“For things done and left undone” is part of the confession we make each week as we approach the altar. It is also part of the confession we make annually on Ash Wednesday. For Christians, Ash Wednesday and the Lenten journey is a time for making our “New Year’s resolutions” not because a new year is beginning but because it is that annual time at which we turn again and put our trust in the Lord.
Lenten discipline, though, is not about heaping things upon ourselves that we can never, or will never be able to accomplish, rather it is about refocusing our lives in the right direction. Lent is about turning the eyes of our hearts and minds, once again, to Christ, who opens the way for us when the way may seem dark or impossible.
Lenten discipline is not about depriving ourselves of good things, but about opening ourselves to the goodness of God. It is about looking around our “spiritual room” and surveying the furniture of this room. This may mean that from time to time we will have to empty our lives of things that clutter up the space. At other times it might mean a rearranging of the furniture of our lives. Or, it may mean even adding some furniture that will make our journey with Christ more meaningful.
Here are three examples.
Most of us in traditions who keep the season Lent (not to mention those who see it caricatured in the entertainment media) have often considered Lent a time of self-denial. And so it may be. Giving up something that draws us or distracts us from God might certainly be a good discipline. Thus, if we escape into food, alcohol, caffeine, television, computer-land, or other distractions to distract us from the reality of our lives, then taking a break (or a fast) from such a thing might help us to bring our concerns and troubles more prayerfully to God, rather than hiding from them through various distraction techniques. Giving up something, or getting rid of some of our “excess furniture”, can be a way of exploring what it feels like to be rid of something that we use as a crutch and replace that crutch with a trust in God. Giving up something should not be done to punish ourselves but rather to open a path to our spiritual healing and growth.
Another example might be to make a change in a routine, in the arrangement of our space -- to “move around the furniture.” If our prayer life is stale, we may change the time we pray (say, from evening to morning). If we find ourselves physically, mentally, or emotionally exhausted, what if we change our exercise pattern, resting pattern, or eating pattern? The regularization of an erratic schedule or the intentional adherence to an existing healthy schedule may not mean adding or subtracting things from one’s day, it might just mean paying more attention to how one goes through the day. Mindfulness of the placement of the furniture of our lives and reflection on how we might make better use of what we have will be a part of many people’s Lenten journey.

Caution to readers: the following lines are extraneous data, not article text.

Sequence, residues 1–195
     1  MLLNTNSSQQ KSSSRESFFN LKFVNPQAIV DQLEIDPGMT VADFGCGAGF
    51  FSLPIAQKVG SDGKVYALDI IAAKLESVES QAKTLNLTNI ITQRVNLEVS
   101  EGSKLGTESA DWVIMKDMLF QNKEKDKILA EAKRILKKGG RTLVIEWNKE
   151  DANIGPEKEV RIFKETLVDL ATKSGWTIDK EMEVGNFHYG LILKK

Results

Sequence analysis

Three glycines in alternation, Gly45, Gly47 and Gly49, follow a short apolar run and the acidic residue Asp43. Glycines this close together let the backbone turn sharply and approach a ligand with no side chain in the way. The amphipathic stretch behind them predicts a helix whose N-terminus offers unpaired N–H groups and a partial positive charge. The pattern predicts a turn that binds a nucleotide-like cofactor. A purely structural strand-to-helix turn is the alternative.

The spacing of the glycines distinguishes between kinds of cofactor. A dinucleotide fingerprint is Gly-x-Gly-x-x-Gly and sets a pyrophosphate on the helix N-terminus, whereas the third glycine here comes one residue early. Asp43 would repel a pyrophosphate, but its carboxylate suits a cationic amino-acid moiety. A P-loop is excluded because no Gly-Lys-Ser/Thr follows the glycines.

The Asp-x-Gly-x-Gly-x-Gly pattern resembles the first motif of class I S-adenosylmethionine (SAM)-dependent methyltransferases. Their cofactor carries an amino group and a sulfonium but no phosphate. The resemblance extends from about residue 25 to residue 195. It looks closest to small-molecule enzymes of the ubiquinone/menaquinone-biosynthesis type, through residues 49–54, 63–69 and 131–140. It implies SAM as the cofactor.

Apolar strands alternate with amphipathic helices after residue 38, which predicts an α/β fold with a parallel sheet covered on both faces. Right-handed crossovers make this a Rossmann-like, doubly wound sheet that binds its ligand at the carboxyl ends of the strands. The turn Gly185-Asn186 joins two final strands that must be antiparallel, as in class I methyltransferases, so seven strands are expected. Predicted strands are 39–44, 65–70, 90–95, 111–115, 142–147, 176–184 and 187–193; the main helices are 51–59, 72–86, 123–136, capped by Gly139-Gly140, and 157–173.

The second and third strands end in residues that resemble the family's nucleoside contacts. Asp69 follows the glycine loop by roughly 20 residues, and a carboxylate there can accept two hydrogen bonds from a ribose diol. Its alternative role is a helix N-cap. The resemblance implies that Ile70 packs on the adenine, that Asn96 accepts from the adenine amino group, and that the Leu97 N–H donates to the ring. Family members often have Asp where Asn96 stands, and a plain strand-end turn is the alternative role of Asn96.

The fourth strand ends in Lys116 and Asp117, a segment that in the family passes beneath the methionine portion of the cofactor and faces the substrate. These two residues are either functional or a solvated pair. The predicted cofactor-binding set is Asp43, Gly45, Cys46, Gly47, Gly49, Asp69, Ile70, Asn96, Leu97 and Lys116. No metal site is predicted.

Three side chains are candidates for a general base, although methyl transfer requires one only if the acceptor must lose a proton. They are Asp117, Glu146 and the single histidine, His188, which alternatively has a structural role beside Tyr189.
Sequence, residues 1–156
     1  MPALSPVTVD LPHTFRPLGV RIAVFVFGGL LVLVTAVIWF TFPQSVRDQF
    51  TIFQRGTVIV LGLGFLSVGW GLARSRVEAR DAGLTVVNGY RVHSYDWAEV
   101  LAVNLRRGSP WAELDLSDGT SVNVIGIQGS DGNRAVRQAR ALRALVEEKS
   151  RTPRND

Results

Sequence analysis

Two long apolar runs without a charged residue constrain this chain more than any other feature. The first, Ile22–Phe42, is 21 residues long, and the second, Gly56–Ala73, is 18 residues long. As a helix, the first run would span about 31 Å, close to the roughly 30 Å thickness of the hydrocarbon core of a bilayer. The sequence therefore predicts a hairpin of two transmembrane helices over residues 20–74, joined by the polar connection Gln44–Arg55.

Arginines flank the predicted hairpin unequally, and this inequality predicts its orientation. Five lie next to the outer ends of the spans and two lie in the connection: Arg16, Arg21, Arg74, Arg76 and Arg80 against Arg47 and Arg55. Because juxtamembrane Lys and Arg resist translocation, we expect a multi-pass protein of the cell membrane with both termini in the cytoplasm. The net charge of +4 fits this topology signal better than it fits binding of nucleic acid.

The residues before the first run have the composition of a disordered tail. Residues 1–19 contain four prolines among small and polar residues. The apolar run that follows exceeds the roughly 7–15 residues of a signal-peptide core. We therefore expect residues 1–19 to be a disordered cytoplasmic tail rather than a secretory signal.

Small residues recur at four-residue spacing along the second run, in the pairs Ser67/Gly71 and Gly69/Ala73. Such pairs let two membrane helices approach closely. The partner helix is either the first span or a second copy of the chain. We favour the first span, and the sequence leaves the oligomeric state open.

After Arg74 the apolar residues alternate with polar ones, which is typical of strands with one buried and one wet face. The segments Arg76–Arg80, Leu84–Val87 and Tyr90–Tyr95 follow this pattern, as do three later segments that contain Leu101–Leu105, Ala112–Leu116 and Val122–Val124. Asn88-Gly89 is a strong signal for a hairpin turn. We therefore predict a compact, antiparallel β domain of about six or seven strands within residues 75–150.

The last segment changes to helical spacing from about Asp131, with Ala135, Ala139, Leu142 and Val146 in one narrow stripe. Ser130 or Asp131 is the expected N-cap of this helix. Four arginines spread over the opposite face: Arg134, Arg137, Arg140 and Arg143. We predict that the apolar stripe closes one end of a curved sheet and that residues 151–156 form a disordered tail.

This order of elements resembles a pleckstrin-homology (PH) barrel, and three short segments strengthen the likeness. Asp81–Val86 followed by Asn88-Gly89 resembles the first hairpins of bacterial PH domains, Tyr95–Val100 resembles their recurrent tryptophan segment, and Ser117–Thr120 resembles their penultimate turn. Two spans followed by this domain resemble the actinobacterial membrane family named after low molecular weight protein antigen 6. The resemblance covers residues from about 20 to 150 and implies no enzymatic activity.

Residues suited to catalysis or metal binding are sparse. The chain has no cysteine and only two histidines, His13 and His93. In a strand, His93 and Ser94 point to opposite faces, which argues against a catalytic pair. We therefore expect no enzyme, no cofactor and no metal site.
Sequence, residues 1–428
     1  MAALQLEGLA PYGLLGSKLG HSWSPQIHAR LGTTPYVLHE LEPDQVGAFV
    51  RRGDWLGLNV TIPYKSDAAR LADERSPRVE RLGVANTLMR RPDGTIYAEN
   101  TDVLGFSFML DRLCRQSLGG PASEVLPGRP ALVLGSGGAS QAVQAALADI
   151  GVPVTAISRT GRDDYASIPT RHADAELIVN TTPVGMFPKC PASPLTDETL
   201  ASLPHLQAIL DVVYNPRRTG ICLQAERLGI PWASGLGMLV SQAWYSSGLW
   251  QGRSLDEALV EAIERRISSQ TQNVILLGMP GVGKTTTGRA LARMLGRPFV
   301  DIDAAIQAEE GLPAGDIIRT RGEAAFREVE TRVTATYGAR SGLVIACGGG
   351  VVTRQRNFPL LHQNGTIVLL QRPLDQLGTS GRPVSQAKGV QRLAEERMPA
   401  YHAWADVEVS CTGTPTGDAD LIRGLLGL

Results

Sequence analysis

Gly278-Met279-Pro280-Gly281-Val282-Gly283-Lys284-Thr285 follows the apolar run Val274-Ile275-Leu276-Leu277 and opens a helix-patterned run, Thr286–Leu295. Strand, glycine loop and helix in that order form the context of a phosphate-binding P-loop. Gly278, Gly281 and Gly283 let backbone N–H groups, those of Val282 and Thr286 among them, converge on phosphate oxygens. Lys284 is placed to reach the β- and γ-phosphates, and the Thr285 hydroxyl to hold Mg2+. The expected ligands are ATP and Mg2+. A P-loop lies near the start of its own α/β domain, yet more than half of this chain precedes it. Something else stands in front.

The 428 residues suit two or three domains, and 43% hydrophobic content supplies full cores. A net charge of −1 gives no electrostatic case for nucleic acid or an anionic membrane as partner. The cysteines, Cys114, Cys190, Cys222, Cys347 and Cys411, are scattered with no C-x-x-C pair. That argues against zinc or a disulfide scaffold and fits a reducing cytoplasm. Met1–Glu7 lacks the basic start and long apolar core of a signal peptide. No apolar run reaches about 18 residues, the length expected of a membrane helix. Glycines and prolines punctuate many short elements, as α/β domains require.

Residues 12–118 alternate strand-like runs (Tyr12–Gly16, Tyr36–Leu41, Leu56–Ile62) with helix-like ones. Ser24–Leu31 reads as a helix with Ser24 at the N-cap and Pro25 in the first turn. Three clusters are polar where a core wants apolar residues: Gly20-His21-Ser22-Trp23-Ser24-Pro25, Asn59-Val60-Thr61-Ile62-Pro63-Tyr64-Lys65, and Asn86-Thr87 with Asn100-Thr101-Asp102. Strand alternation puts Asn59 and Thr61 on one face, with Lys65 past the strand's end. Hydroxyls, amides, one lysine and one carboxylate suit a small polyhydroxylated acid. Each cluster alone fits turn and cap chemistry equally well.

Finally, sometimes we will need to add some furniture to the room. This is why most churches have Lenten educational programs and services. The opportunity to intentionally engage the questions of our faith, to grow, learn and enter into a more regular pattern of worship are an important part of the Lenten pilgrimage of faith. It may also be time to take up some individual prayer and study (for example, to work one’s way through a particular book of the Bible; to focus on regular recitation of the Daily Office). It can also be a time of almsgiving, whether that be seen as prayerful charitable giving or the prayerful giving of time and talent to a particular cause. In any event, sometimes we will need to add a piece of furniture to aid us in our spiritual growth.
Will we engage in all three of these areas during any particular Lenten season? Probably not, but examine the furniture of your spiritual room this year and as you embark on a Holy Lent, consider whether you need to houseclean, rearrange, or pick out some new furniture.
c. 2009 by the Rev. Daniel F. Graves